T – Well I work in care, so work is very intense for me at the moment. Music has been crucial for me as a means to take my mind away from it. Whether it’s coming home and having a mix with Ben and sharing new records we’ve found, or just putting tunes on in the car to and from work. We have both been saying how we’re not sure we could cope with this period of isolation without music.
How are you finding trying to be creative while being in such a restrictive environment?
B – I think it has helped us if anything, we’ve both got loads time to dig for music, have a crack at production and also start scheming on future events and ideas. We never would have released The Bottle – Frontline 01 and raised lots of money for the NHS, nor done our first live stream, had we not been thinking of how we can stay busy during all this. We’ve realised creativity doesn’t always have to be through the obvious channels, even if you are feeling restricted in one way, you can still contribute, and look to channel that into other ideas and projects.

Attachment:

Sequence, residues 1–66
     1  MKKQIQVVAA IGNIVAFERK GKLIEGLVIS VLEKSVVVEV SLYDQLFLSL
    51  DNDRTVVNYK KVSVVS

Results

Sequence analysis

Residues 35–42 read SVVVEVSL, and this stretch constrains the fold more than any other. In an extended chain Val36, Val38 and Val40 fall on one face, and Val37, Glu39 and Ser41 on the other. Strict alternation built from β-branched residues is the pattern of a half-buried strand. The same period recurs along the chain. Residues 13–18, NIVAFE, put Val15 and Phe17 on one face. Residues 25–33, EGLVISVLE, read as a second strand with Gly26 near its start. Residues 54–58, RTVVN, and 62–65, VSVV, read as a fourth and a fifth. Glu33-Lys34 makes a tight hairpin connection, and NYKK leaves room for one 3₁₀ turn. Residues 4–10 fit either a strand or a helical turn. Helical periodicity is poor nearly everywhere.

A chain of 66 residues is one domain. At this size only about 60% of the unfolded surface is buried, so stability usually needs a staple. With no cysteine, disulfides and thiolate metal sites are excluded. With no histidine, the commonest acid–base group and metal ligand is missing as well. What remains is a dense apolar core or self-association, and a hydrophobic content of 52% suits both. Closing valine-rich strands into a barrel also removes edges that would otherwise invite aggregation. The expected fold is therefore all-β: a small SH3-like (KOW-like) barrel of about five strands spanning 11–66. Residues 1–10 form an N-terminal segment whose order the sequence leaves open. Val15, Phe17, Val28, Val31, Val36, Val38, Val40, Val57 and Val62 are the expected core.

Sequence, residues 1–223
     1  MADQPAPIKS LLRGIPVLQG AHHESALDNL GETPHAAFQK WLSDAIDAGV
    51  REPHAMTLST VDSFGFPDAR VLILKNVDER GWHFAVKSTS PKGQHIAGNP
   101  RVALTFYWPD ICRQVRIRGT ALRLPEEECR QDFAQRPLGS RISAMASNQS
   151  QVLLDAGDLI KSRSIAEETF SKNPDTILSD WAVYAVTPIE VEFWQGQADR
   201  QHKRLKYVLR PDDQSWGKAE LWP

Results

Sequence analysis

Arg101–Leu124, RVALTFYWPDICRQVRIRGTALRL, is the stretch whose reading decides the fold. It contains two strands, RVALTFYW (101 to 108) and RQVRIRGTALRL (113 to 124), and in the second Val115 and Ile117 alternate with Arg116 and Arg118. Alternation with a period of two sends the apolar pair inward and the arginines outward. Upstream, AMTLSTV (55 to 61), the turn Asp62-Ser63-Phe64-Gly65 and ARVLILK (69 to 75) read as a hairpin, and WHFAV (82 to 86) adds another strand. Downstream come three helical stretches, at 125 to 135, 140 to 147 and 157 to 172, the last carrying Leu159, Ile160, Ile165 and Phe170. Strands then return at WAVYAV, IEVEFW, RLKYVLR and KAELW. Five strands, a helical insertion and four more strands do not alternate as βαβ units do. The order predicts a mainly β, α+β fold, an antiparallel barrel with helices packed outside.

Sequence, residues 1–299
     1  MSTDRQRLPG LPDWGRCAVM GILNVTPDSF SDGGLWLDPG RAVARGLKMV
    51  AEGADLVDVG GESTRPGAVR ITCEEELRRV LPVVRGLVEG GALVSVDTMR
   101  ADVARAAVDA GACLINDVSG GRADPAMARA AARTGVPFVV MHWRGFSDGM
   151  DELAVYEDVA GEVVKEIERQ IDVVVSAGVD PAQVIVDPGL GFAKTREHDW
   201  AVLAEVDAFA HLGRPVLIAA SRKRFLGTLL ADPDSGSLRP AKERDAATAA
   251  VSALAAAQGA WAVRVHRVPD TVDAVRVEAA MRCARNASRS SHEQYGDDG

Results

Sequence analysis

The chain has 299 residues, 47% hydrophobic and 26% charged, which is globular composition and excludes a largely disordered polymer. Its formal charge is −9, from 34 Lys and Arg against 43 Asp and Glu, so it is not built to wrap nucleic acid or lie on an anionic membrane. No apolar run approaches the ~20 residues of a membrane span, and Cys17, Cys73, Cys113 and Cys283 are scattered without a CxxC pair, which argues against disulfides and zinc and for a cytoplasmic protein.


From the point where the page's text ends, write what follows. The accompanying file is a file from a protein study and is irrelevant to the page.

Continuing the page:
Talk us through your playlist, what does it represent for you?
This playlist really doesn’t follow any sort of theme or stick to a genre, it is literally just what’s been getting played in our living room on a Friday, Saturday, or occasionally a Wednesday night, when we all get dressed up and get a bit turnt in our lounge into the early hours. Designed to be listened to when you’re feeling limber and want something to get down to, whether that be late night, out getting some sun, or when nobody’s around.
The Bottle & The Milkshake Boys Frontline EP series is out now here – all proceeds donated to the NHS Charities Together